I had many boxing matches with my brother in the backyard when we were younger, and I guess while other people abhor boxing for its brutality, I also have to admire anyone who climbs into the ring to face up to what could be the ultimate defeat.
As a fan of both media, I never had any qualms about an adaptation. I've always been able to separate books I've loved from their movies, no matter how the film turns out.
I think it's a mistake to think, 'Am I going to write a young adult book, or do I desperately want to write a book for adults?' I think the better ambition is to try to write someone's favorite book, because those categorizations of adult, young adult, become kind of superfluous.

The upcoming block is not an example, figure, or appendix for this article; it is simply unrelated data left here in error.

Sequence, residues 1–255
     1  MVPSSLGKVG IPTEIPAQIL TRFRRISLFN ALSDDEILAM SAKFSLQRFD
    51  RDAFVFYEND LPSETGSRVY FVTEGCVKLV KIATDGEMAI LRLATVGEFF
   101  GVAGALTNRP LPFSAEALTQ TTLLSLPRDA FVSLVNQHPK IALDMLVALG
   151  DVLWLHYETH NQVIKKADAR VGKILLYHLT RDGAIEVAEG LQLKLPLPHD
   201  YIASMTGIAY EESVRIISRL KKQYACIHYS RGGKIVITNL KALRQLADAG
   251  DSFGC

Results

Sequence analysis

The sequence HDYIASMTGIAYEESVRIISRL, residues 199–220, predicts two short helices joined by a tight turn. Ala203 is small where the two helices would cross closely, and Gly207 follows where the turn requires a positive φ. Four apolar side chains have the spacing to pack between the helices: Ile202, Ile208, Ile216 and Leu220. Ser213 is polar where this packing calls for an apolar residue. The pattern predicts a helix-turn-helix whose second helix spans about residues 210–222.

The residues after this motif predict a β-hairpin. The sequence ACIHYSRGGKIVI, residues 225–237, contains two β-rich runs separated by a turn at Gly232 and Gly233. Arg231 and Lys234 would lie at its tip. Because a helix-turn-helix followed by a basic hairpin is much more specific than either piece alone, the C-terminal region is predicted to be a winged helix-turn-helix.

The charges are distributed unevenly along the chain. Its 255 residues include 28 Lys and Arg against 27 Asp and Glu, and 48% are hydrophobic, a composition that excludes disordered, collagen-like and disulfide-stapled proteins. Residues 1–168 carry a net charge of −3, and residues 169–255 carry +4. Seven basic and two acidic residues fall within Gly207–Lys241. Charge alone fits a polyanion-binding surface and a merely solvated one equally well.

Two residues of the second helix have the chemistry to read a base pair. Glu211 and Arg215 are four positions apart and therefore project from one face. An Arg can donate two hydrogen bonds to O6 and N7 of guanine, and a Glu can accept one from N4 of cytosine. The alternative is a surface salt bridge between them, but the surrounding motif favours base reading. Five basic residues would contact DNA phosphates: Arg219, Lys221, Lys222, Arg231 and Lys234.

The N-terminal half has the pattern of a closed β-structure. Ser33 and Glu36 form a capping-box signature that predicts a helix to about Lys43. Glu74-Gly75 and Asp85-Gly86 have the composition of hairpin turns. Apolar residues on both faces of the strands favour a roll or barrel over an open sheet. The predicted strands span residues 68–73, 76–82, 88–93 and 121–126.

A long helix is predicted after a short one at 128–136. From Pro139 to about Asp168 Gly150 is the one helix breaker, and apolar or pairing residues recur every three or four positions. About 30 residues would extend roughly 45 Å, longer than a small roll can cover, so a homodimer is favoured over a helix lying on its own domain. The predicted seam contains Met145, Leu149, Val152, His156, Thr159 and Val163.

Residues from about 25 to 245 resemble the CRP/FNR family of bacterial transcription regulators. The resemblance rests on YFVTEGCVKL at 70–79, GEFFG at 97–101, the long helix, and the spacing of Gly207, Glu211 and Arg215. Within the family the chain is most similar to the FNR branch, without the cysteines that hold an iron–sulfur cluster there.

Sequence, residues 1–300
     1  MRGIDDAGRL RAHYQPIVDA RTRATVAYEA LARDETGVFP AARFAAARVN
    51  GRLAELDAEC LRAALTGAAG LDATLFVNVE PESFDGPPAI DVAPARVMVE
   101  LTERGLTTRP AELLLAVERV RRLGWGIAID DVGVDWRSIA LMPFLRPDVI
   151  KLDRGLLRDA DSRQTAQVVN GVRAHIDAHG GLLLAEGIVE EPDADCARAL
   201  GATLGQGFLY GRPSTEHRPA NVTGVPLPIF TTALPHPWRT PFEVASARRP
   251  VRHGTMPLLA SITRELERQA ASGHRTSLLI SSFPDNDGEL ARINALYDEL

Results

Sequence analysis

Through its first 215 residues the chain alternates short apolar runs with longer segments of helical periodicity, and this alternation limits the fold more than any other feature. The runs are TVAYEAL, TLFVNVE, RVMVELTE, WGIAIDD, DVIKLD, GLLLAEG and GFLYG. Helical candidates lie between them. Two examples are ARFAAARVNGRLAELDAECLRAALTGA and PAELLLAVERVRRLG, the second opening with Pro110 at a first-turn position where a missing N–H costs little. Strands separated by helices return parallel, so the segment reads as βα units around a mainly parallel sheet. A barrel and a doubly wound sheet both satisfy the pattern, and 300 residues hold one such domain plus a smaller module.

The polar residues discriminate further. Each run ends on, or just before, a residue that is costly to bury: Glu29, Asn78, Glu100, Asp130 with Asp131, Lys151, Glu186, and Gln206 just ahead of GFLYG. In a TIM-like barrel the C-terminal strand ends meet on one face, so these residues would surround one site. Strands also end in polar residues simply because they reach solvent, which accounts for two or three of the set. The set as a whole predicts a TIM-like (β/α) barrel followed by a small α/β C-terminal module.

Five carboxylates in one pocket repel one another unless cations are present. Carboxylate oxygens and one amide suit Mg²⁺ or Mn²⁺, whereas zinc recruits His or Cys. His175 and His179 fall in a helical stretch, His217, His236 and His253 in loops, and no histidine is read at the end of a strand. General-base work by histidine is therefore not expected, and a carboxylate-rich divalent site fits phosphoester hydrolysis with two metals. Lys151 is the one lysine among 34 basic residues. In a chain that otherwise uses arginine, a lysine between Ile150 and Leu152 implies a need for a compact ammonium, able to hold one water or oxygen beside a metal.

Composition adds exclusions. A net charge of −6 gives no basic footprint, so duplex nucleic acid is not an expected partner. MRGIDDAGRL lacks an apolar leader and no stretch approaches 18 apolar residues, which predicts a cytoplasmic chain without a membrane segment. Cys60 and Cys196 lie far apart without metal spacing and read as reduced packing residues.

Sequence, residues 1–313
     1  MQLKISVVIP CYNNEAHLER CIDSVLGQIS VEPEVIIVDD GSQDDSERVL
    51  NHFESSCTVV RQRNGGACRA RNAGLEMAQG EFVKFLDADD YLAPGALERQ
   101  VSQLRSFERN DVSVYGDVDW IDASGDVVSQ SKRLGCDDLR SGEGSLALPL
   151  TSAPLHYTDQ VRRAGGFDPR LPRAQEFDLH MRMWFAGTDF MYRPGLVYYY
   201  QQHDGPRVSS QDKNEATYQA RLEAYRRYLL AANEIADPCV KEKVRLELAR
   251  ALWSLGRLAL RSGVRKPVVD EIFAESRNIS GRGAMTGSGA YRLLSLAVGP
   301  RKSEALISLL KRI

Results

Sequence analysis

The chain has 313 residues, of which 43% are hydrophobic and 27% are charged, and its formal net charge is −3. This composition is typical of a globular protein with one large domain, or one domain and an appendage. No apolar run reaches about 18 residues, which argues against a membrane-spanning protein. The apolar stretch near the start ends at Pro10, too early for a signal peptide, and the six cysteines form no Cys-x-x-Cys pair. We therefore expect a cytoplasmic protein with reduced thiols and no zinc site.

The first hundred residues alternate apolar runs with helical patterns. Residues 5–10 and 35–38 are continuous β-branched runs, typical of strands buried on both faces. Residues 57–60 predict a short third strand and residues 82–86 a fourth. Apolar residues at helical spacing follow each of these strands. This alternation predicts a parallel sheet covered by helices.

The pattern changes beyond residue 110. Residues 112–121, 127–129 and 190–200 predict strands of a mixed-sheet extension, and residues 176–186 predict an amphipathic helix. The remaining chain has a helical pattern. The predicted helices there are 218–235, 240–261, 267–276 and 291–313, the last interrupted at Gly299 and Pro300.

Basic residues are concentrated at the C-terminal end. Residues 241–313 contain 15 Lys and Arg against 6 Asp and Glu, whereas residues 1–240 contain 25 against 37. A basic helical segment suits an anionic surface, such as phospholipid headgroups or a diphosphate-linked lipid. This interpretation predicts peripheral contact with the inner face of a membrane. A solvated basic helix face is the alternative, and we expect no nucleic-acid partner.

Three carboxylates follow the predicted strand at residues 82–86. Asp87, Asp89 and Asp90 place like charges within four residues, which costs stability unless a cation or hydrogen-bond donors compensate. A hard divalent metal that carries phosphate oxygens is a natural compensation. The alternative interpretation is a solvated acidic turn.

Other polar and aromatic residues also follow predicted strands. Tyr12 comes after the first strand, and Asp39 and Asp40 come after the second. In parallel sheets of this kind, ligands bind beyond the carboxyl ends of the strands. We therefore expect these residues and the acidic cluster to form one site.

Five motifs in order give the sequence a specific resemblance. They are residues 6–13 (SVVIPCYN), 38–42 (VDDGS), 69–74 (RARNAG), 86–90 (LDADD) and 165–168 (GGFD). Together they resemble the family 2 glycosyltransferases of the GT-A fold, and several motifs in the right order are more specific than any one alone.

I try hard and aim big. People can hate or love my books but they can never accuse me of not trying.
I've just always loved books, and I love the idea that we're all just really made of stories. I do also like the idea that anyone can love books. Books don't care how educated you are or what you do for a living.
The first book I remember loving was 'Grug and the Big Red Apple.' The first film I saw in the cinema was 'Grease.'
I like the idea that every page in every book can have a gem on it. It's probably what I love most about writing - that words can be used in a way that's like a child playing in a sandpit, rearranging things, swapping them around.